Developing the Virtual Learning Environment: What’s taking so long?

According to M. Weller, author of Virtual Learning Environments, the acronym VLE refers to ‘the components in which learners and tutors participate in online interactions of various kinds, including online learning.’ (2007:3).

Thus, a virtual learning environment can be any electronic space where learning can take place or where interactions occur.

In the past decade we have seen a rapid implementation of Virtual Learning Environments (VLEs) in advanced education and in the schooling sector. Educators and institutions are progressively turning to VLEs to enhance the time spent teaching and facilitate students who use the Internet as the fundamental tool for discovering information and resources. The term Learning Platform or VLE describes an expansive scope of ICT systems used to deliver and support learning. At the core of any learning platform is the idea of a customized web based learning space for the student (Harasim 2012). Therefore, this space should offer teachers and students access to saved work, e-learning resources, openings for communication and facility to track progress. (Weller 2007). However up till now there has not been a strong track record in integrating VLEs effectively into teaching and learning programmes.

The core reading of my research into VLEs consists of two blogs the first one by MacNeil (2014). Her views on VLEs state that they are all about bureaucracy and not about the learner. Blackboard (Bb) indoctrinated by her institution, is described as the ‘VLE dictator’ because it restricts teaching and learning. Conversely, it is argued that without Bb there would be chaos as it does a lot of groundwork in terms of administration and management for student information systems of large cohorts.

Despite the reasonably large scale uptake in VLEs, MacNeil (2014) suggests that the perceived benefits have not yet been widely realised. Bb is not cool or innovative enough to keep up with the more sophisticated use pedagogy such as blended learning. In the changing culture, there is a need for the removal of formal constructs and more experimental models. She highlights the need to re establish connections with networks of practitioners to reflect on and support advancing pedagogy. MacNeil (2014) reinforces Starkey’s complexity theory (2012) which emphasises it is via these connections that knowledge emerges. From this process of change, knowledge about teaching and learning will continue to emerge in the digital age.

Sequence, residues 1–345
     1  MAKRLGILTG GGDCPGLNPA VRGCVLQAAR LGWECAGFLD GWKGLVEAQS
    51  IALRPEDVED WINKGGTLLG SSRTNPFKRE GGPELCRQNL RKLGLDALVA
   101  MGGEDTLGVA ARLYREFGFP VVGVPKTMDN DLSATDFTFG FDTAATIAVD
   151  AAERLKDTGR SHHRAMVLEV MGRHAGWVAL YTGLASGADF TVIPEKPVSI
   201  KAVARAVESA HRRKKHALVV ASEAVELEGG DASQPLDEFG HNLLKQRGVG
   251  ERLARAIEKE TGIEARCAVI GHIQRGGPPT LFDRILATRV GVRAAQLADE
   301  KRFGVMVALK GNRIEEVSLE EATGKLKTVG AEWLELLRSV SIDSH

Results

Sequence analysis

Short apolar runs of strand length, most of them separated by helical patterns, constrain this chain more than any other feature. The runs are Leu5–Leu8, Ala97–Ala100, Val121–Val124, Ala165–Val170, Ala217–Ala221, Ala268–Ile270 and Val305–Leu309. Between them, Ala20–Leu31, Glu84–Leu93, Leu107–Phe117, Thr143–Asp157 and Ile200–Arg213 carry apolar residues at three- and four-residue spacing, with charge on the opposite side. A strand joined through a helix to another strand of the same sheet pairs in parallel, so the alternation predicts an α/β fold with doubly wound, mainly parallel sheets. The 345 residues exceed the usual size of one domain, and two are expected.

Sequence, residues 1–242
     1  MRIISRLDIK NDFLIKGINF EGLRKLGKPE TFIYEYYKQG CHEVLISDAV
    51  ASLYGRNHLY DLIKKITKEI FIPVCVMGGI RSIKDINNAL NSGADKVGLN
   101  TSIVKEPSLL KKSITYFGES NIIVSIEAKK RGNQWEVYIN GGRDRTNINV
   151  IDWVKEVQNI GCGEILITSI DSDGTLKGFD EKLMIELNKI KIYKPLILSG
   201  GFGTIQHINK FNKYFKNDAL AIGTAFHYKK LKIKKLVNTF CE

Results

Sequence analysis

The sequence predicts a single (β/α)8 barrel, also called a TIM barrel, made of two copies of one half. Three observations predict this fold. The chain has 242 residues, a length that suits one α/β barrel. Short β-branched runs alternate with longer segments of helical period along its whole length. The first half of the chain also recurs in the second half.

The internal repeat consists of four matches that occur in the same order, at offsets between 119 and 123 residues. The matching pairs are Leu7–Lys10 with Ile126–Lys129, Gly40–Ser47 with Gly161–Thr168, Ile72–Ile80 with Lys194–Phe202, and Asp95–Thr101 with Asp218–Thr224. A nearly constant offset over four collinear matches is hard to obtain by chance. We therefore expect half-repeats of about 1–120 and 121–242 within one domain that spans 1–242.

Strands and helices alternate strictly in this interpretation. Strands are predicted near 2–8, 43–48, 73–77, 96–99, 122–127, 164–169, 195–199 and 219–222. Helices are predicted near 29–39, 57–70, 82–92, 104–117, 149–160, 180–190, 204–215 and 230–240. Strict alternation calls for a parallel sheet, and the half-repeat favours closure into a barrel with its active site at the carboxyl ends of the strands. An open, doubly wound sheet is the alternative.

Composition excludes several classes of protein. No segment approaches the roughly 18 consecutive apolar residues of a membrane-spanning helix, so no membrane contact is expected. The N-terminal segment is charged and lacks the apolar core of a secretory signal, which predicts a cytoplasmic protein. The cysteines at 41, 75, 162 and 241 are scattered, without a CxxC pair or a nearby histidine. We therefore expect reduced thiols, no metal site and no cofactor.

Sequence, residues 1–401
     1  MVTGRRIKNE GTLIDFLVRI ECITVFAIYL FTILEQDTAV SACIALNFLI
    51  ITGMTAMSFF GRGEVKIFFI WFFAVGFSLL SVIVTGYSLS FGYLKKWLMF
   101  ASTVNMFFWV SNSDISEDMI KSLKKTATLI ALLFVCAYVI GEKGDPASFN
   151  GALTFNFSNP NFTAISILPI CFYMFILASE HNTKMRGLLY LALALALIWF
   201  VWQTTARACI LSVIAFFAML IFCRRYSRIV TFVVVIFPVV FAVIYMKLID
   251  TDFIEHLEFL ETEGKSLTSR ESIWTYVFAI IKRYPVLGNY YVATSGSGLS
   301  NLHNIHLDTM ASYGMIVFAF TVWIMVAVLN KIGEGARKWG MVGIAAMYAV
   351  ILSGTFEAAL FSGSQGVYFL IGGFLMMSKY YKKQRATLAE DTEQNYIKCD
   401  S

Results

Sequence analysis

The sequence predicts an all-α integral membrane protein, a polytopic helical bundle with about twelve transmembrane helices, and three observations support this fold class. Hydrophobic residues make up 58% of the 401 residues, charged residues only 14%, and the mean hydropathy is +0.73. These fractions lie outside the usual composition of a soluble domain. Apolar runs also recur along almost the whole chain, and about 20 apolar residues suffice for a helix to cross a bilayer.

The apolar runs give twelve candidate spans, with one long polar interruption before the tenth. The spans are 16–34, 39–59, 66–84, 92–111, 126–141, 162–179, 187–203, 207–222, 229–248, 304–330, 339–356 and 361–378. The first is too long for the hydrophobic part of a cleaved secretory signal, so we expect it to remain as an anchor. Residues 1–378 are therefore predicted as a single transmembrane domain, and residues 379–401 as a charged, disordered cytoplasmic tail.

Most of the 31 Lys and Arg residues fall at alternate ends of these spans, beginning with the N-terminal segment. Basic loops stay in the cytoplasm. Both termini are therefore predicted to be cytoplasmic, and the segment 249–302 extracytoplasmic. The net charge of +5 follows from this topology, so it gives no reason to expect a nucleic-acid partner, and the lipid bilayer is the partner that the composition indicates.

In Paul Reed’s (2014) blog The VLE vs ‘Whatever’ agrees with MacNeil’s (2014) opinion that getting rid of the VLE ‘would cause mayhem’ however challenges the role of the VLE and its purpose in the Higher Education context. He debates that some form of technology is needed to support learning, teaching, assessment and administration in HE and questions, ‘Do VLE’s need to be the most innovative products in the tech industry?’

Reed‘s research (2014) suggests that what HE students want out of VLE is the basics- access to information, power points/ presentations and to be able to submit work online to meet deadlines. Sheila MacNeil’s (2014) comments in her blog; educational technology is a fast changing world with a variety of platforms that are built on a very traditional model of learning. But I disagree. I understand her frustration with the need for a changing culture to have an impact on technologies in education however, the culture in some institutions isn’t quite ready yet. There are an increasing number of schools making use of a VLE to support teaching and learning activities beyond simply using it as a place to share content and resources. David Hopkins (2014) posted on VLE vs ‘Whatever’: “All in all, the VLE is only dead if no one uses it. If the academic staff don’t use it, then neither will the students.”

In conclusion, although MacNeil’s (2014) post encourages connections through networking and changes with more sophisticated use of learning technology, she also explains that VLE cannot transform overnight. Of particular interest to me is the assumption that the use of a VLE is not or cannot be as good as a face-to-face experience. Facer (2011:15) states: ‘we need to create schools that are capable of supporting communities and students to come together to imagine and build sustainable futures for all.’

Reed (2014) deduces technological advances in Higher Education will seldom have a disruptive effect because ‘it is not a tech industry; it’s a people industry.’  We all need a much broader concept of what the learning environment is and I think the key is that we need to understand and address what the students want.

My experience with VLE: